The hatchback featured exposed chrome tailgate hinges, pneumatic cylinders to make opening the tailgate easier, a rear window roughly the same size as the sedan’s, five longitudinal decorative chrome stripes on the roof, and reclining seats – a feature that was also optional on the sedan.

The hatchback was the same as the sedan in all other dimensions; its trunk volume was 1.08 m³. By 1972, the glass area of ​​the tailgate increased to match the size of the tailgate itself, eventually becoming an all-glass tailgate.

On February 24, 1972, the Pinto station wagon was introduced with a total length of 4390 mm and a trunk volume of 1.71 m³. The station wagon had optional pivoting rear side windows and a 2.0-liter engine as standard.

Ford Pinto Wagon Cruising Pkg. (41E) 1980

The Ford Pinto Cruising Wagon was produced from 1977–1980. and was similar in style to a minivan or camper van; it had round side rear windows (portholes) in English. “bubble windows”. The Pinto Squire van featured faux wood side panels similar to Ford Country Squire. Ford offered removable roof racks.

1980 Ford Pinto Squire Wagon, body 73B

The layout of the car was traditional, with a monocoque body structure, a longitudinally mounted engine was located in front and drove the rear wheels through a manual or automatic transmission and rear axle. The suspension of the front axle of the car was of variable length with swing axle shafts and coil springs, and the rear axle was dependent, suspended on leaf springs. Rack-and-pinion steering, as well as the brakes, had a power-assisted option.


A total of 4 power units were available – 1.6, 2.0, 2.3 and 2.8 liters. But they were never sold at the same time – a maximum of 2. In addition, changes were made to their design every year, which adjusted the power. And back in 1972, the principle of calculating power was changed – from this year it was carried out taking into account all the attached motor equipment, which sharply reduced the performance. Moreover, similar changes were made in the future, which led to constant fluctuations in characteristics. Although it is worth considering that the real output from Ford Pinto engines has remained almost unchanged.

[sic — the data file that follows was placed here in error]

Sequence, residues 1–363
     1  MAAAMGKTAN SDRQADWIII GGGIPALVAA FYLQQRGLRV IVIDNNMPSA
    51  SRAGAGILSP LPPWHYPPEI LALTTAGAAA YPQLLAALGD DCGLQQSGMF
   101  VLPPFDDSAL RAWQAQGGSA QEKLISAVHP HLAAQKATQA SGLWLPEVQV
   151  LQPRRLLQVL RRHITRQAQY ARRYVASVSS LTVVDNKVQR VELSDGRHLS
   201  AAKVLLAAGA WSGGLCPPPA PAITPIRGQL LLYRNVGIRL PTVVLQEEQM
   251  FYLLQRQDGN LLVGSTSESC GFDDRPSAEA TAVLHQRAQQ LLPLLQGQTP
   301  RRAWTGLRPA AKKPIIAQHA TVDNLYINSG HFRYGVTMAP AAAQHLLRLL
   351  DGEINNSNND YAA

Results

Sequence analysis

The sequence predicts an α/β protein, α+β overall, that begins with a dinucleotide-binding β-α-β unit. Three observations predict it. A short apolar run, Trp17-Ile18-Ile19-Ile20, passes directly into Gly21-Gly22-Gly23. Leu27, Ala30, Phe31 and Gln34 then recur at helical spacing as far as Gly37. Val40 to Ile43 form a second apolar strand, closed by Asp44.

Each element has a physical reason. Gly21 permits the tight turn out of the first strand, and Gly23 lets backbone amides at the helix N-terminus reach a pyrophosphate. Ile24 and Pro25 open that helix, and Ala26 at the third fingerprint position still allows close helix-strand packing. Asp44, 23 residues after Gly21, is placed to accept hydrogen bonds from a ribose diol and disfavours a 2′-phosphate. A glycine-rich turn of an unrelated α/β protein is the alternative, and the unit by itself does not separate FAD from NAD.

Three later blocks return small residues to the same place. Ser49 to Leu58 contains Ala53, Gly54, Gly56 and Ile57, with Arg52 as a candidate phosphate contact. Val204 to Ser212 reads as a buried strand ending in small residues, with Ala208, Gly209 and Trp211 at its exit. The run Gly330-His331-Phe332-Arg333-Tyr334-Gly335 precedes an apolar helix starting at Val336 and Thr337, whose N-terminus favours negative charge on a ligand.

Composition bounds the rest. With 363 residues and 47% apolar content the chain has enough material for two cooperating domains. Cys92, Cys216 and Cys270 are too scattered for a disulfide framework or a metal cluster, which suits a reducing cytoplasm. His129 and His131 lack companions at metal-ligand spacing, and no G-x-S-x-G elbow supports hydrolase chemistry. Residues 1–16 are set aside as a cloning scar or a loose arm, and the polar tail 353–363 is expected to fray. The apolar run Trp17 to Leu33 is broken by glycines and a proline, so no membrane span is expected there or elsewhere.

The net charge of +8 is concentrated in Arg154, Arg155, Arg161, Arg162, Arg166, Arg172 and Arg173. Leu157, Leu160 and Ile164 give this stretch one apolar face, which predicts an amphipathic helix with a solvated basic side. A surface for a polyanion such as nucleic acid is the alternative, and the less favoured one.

• Kent OHV I4 1.6 liters – 75 l. With. and 130 Nm;
  • EAO SOHC I4 2.0 liters – 100 l. With.;

Photo: Ford Pinto station wagon


  • Kent OHV I4 1.6 liters – 54 l. With.;
  • EAO SOHC I4 2.0 liters – 86 l. With.


  • EAO SOHC I4 2.0 liters – 86 l. With.


  • EAO SOHC I4 2.0 liters – 86 l. With.;
  • OHC 2.3 liters – 90 l. With.


  • OHC 2.3 liters – 83 l. With.;
  • Cologne V6 2.8 liters – 97 l. With.

Photo: Ford Pinto engine


  • OHC 2.3 liters – 92 l. With.;
  • Cologne V6 2.8 liters – 103 l. With.


  • OHC 2.3 liters – 89 l. With.;
  • Cologne V6 2.8 liters – 93 l. With.


  • OHC 2.3 liters – 88 l. With.;
  • Cologne V6 2.8 liters – 90 l. With.


  • OHC 2.3 liters – 88 l. With.;
  • Cologne V6 2.8 liters – 102 liters. With.


  • OHC 2.3 liters – 88 l. With.

Initially, the dynamic performance was simply excellent – acceleration to hundreds with a 2-liter engine took only 10.8 seconds. This was also facilitated by the low weight of the car. Moreover, at first both engines were European – the 1.6-liter unit was supplied from the UK, while the 2-liter one was supplied from Germany.

But pretty soon they were replaced with American engines, which was due to federal environmental standards. This, along with the need to install new bumpers, led to a noticeable deterioration in the dynamic characteristics of the Ford Pinto.